Statement by Peter Manzo, President & CEO of United Ways of California Regarding Governor Newsom's 2022 May Revise Budget Proposal
Governor Newsom's proposed May Focuses Economic Relief for Car Owners; United Ways of California Urges Targeted Child Tax Credits, Relief, for Struggling Families, and 2-1-1 System Services
United Ways of California supports the financial scope of the Governor’s proposed May Revise investments, however, notes that relief that does not target families that are struggling the most to get by misses a critical opportunity to invest in data-driven interventions.
(Los Angeles, CA) — Statement from Peter Manzo, President and CEO of the United Ways of California, (UWCA) regarding Governor Newsom’s proposed May Revise budget:
With California’s current revenue surplus exceeding $97 billion, Governor Newsom has an incredible opportunity to work with the California State Legislature to make targeted investment in what we know works to uplift California families, struggling with the rising cost of living. While we agree with the Governor that the economic realities so many Californians face require robust investments, we differ somewhat on the approach. We support the proposed $2.7 billion investment in rental relief and $1.4 billion proposed for helping Californians address past due utilities, as it is imperative that we keep as many families safely housed as possible. However, we also urge a refocusing of at least a portion of the $11.5 billion for car owners to instead be used via proven pathways for targeted assistance, drawing from our state’s experience with the Golden State Stimulus, California Earned Income Tax Credit (CalEITC), and Young Child Tax Credit. These credits hit the sweet spot - they are the most targeted and effective way to reduce poverty, help families deal with inflation, boost local economies, and improve lifelong results for children.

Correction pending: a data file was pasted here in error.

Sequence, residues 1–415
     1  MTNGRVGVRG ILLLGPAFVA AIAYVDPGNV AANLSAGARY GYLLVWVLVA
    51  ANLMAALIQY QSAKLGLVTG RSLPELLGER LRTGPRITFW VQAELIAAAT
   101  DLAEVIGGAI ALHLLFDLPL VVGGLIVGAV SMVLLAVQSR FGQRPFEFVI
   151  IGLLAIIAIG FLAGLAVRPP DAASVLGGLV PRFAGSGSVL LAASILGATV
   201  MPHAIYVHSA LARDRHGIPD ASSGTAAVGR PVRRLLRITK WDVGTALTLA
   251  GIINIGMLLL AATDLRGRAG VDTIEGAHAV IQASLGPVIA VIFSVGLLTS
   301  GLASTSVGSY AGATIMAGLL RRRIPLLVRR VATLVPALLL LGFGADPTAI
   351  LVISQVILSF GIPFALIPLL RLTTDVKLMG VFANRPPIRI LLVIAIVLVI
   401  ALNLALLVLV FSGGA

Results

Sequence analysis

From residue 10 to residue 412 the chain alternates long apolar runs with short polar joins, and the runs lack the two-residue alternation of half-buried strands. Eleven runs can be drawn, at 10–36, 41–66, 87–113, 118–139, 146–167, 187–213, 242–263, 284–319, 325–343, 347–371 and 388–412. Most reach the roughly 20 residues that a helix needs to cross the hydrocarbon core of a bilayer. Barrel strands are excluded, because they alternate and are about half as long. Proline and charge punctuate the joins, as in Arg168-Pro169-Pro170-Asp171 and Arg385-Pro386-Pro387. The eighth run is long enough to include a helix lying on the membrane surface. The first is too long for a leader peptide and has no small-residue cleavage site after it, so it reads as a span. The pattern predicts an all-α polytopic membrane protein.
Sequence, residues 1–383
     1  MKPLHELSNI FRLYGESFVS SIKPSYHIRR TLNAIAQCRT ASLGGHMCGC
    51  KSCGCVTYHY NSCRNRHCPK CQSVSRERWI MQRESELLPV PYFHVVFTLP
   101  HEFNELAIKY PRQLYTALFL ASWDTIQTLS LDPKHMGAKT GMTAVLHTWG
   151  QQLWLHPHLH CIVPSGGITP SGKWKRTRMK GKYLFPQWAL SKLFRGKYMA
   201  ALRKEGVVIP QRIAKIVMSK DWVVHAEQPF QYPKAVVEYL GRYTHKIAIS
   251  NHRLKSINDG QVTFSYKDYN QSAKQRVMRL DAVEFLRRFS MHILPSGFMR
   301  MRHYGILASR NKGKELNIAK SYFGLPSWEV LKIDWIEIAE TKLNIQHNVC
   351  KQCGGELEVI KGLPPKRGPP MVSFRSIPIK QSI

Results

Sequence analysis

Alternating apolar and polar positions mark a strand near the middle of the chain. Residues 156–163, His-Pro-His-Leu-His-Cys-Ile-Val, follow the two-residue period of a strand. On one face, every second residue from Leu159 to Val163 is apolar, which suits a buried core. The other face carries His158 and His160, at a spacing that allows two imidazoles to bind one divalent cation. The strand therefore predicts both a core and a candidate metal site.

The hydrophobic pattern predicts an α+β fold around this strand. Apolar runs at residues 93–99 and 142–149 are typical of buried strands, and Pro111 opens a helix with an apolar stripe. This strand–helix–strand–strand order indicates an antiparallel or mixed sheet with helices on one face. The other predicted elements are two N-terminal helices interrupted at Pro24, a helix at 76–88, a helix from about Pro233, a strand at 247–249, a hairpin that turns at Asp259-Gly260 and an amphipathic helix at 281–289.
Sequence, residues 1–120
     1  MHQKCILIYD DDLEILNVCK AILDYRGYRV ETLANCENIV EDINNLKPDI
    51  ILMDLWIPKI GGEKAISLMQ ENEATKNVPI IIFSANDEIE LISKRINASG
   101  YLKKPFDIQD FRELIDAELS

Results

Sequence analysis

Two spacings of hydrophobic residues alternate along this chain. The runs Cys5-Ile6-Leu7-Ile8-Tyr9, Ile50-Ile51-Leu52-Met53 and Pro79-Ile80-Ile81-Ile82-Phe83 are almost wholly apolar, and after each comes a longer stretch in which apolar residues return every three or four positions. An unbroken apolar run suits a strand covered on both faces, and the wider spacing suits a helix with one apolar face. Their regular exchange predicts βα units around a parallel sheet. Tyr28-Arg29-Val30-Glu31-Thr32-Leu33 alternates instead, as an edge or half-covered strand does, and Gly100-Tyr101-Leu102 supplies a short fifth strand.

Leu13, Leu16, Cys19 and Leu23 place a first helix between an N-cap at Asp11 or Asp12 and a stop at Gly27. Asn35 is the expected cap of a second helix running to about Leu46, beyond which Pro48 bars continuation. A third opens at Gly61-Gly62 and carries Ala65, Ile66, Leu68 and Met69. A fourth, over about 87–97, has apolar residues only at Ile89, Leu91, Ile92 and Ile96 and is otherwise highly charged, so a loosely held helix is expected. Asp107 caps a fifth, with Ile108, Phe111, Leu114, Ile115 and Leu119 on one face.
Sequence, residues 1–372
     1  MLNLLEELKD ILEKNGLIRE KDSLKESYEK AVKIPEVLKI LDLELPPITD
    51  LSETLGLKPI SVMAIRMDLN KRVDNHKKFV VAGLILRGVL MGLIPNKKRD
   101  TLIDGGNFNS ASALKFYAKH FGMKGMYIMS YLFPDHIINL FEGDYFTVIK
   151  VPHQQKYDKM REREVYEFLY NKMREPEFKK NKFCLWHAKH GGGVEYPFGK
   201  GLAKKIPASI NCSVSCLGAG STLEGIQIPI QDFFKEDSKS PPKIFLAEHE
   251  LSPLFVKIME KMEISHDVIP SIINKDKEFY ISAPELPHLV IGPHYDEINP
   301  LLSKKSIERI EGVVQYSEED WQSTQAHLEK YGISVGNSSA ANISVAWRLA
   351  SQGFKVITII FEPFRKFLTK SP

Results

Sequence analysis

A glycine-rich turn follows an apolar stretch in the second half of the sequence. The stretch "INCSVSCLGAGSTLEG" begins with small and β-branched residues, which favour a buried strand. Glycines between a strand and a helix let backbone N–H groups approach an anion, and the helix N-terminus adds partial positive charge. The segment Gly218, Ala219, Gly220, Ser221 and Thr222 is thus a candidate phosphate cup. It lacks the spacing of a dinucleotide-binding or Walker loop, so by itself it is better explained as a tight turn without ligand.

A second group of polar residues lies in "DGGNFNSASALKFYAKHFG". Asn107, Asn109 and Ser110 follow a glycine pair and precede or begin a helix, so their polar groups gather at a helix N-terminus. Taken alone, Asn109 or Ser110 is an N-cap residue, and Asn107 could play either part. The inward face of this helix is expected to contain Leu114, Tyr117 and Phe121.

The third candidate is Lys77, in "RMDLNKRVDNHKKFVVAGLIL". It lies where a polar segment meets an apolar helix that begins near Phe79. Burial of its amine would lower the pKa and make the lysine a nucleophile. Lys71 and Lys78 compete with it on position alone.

Last year, in the midst of the historic public health and economic crisis, the expanded federal Child Tax Credit payments cut child poverty dramatically in California by over 33%. Now that the expanded federal Child Tax Credit has expired, 1.7 million Californian children are falling back into poverty or deep poverty. The takeaway from this is clear, California needs to step up to ensure that children and families on the brink of poverty are prioritized first. Relief based on household earnings and family size is one of the most effective and equitable ways to target these funds. We urge the Governor to ensure that investments like the ones outlined in the Senate Budget Plan and held within AB 2589 (Santiago) are included in the final budget deal negotiated in the coming 6 weeks. We have a rare opportunity to make a big down payment on future prosperity by expanding the CalEITC and Young Child Tax Credit, and the Governor and Legislator should include this in any economic relief.
While we have concerns regarding portions of the relief investments outlined in the May Revise, we are very supportive of the Governor’s prioritization of the following tax credits: